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Avoiding the rollover trap

A payday loan can often seem like a super-convenient way to borrow. Obtaining a relatively small, short term loan to get out of a temporary financial squeeze — without a lot of hassle or credit checks — sounds good when you’re in a bind. However, the amount of money involved can spiral into an increasing pile of debt if things don’t go as you planned.

One of the pitfalls of taking out this type of loan is that, in spite of your best intentions, you may not be able to pay it off by the due date. When this happens, it is very tempting to “roll over” the loan, meaning to extend it for another month.

Pitfalls of rolling over your loan
Rolling over a payday loan does not make it go away. Instead, repayment is just delayed for a certain period. You will still have to come up with the cash eventually. On top of that, you will be charged an extra fee for the loan rollover, as well as additional interest for the extended period.

This means you’ll have more money to pay out and more temptation to roll the loan over for yet another month. Watch out that you don’t get caught in the trap of paying off just the interest and finance charges, while continuing to roll over the principal loan amount.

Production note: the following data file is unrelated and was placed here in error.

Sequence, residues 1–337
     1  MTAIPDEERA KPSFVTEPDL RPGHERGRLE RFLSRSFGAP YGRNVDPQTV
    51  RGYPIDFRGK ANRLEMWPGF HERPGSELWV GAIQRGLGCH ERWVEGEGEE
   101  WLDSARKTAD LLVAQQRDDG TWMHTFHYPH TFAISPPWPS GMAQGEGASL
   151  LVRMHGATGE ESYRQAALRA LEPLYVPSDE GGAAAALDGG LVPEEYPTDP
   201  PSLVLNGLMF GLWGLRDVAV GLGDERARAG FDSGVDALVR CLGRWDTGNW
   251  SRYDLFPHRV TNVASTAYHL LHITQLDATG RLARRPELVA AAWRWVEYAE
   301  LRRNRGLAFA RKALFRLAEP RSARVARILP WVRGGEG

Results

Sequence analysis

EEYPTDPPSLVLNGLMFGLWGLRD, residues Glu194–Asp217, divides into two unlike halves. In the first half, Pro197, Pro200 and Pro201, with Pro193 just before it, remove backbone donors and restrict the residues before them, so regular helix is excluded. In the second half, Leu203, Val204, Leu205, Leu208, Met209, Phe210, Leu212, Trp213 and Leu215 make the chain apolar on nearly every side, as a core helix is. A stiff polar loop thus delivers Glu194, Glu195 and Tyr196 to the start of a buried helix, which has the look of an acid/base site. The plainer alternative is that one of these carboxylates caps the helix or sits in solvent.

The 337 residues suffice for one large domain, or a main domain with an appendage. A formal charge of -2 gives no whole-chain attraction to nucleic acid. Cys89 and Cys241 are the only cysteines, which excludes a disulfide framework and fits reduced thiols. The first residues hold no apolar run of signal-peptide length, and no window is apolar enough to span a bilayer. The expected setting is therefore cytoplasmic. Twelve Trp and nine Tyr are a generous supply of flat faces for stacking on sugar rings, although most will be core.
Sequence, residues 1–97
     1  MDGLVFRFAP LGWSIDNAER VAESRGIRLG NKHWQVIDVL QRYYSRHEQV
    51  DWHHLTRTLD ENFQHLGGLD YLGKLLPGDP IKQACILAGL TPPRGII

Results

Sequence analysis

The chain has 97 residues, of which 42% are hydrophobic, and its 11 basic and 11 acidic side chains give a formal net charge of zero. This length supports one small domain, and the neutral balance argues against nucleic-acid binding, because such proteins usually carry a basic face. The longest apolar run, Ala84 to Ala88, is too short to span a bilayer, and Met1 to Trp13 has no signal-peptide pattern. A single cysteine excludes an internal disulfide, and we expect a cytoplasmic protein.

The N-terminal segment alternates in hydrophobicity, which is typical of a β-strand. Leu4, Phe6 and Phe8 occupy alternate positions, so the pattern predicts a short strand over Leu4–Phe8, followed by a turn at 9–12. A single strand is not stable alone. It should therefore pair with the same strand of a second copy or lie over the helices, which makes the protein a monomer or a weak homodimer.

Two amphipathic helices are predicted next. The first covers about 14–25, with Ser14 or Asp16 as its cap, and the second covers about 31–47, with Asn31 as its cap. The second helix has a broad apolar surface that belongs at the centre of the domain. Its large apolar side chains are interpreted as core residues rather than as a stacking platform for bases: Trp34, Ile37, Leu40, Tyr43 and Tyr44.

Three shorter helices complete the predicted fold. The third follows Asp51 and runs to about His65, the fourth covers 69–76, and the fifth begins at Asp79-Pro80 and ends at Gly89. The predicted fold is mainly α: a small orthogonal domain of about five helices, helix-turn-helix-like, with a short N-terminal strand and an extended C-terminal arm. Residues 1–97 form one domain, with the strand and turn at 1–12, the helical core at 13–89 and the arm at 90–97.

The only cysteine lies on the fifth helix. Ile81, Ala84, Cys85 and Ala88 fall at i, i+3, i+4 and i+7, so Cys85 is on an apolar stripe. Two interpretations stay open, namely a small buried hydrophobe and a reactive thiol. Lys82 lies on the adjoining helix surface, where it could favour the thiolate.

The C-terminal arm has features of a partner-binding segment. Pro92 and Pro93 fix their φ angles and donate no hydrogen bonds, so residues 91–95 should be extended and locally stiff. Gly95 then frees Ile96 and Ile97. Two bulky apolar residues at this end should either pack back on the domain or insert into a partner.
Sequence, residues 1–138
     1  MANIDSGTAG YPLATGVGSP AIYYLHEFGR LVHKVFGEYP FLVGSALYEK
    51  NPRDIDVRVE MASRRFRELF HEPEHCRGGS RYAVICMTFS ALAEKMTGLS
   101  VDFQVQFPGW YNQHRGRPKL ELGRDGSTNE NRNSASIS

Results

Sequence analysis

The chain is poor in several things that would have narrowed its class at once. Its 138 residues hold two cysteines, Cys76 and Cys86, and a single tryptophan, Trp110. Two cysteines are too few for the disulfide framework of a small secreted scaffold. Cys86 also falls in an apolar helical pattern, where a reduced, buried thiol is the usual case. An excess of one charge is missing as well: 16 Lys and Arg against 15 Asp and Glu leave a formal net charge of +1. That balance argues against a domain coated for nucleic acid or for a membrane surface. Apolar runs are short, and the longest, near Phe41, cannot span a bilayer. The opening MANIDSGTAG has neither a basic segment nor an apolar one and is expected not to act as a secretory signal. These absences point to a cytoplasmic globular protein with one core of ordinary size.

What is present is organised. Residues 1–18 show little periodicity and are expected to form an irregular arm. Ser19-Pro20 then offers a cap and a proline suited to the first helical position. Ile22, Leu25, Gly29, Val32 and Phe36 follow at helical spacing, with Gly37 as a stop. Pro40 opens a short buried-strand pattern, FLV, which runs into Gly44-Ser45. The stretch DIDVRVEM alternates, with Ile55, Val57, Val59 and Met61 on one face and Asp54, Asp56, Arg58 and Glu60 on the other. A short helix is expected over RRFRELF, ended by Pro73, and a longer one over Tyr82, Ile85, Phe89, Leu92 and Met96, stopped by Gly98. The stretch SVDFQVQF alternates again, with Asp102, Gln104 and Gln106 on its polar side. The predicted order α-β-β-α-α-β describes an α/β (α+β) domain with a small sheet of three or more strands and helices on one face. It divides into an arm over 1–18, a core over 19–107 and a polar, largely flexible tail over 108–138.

When your state bans or limits rollovers
Some states have put legislation in place to ban payday loan rollovers. The problem with this is that borrowers can get around the ban by paying off their loan amount in full, and then immediately initiating a new loan (called a back-to-back or serial loan) with the same lending institution. Alternatively, they may borrow from a second lender to repay the first.

Other states attempt to limit rollovers. Their laws may either restrict borrowing more money from a particular lending institution in order to repay an existing loan, or call for a “cooling off” period of 24-72 hours between loans.

Longer term solutions
Banning or limiting rollovers does not solve personal financial problems any more than rolling over a payday loan helps to get it paid off. If you find yourself struggling to balance your budget and pay for necessities every month, look for some longer term solutions.

Meet with a financial counselor or use an online credit counseling service to figure out how to cope with your debts. You may be able to negotiate with your creditors to come up with a payment plan that gives you a little breathing room. Alternatively, you might qualify for emergency financial aid through your local social service agency or religious institution. Your financial counselor can also guide you in making a workable household budget.

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Grace Chen
Grace Chen - Writer & Editor
A graduate of the Haas School of Business, University of California, which is one of the top three (3) business schools in the U.S., Grace Chen has 10 years of experience in this field and have been delivering stellar business content through her written word. She’s the chief editor of Communicate Better and has written and edited thousands of content published in various online and printed media, including the NYSE-sponsored research studies and MEC Global. Connect with Grace on LinkedIn, https://www.linkedin.com/in/grace-chen-9254ab8/

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